Like I said before, though, I think if that worked on Nazis on a large scale, the Allies would have tried it and declared it a success instead of having a World War. Once you get to that sort of movement, it’s too late. Is it too late now? I hope not.

I think it works on a small and individual scale, and that might be enough right now. Build enough success stories like Piccioloni, and you might find the whole sorry movement disssolving back into the slime from whence it came. But like Piccioloni himself said, he and his associates are few and far between. They had the right starting conditions and the right ending conditions, and the right stimuli in between.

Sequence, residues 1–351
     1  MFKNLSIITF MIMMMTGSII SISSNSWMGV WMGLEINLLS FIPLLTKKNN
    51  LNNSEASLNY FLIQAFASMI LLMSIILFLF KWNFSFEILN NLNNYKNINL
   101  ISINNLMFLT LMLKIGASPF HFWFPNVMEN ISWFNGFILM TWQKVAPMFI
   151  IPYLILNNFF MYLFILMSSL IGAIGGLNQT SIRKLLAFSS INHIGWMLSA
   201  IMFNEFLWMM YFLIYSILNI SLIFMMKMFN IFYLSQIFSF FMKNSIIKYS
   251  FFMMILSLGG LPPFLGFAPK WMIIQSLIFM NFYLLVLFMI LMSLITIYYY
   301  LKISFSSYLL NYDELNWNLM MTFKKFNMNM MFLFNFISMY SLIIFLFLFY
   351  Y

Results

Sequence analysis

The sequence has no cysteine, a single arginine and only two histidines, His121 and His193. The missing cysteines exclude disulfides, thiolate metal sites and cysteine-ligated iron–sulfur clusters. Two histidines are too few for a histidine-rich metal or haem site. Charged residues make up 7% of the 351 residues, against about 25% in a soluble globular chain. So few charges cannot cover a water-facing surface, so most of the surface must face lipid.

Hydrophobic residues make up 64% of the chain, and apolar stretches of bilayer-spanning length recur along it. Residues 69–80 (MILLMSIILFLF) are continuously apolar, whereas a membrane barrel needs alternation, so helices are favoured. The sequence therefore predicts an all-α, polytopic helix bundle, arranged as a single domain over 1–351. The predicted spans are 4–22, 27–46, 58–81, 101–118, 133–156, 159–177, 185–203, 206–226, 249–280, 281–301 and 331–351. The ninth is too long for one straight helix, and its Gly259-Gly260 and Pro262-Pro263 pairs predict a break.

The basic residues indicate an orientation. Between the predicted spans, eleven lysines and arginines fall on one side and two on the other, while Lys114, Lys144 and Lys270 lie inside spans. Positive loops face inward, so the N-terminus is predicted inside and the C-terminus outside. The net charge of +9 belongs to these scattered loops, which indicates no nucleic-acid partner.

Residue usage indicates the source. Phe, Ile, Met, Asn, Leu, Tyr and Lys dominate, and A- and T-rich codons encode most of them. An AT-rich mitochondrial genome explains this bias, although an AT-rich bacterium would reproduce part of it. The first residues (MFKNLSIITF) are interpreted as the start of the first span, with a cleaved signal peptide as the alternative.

Does that mean the same stimuli won’t work at all on others? No, I’m sure it couldn’t hurt. But when the time comes for the Nazis to show their true colours, their basic cowardice is going to be what breaks them and a good punch in the face is going to do wonders to remind them just how shitty and scared they are to do anything without an army behind them.

Piccioloni is incredibly brave. It takes a lot to admit you’re wrong (I mean look how I’m squirming to avoid even partly admitting it here!), especially in such an intense cult-like surrounding. To break out of that, and then go on the road speaking out against it and trying to save others … amazing. I doff my hat both to Piccioloni and to the people who showed him the compassion that encouraged him to rejoin humanity.

Just … be ready for the punching to be necessary. And don’t expect me to disapprove when a Richard Spencer gets punched.


– Posted from my Huawei mobile phone while sitting in the carpark.

About Hatboy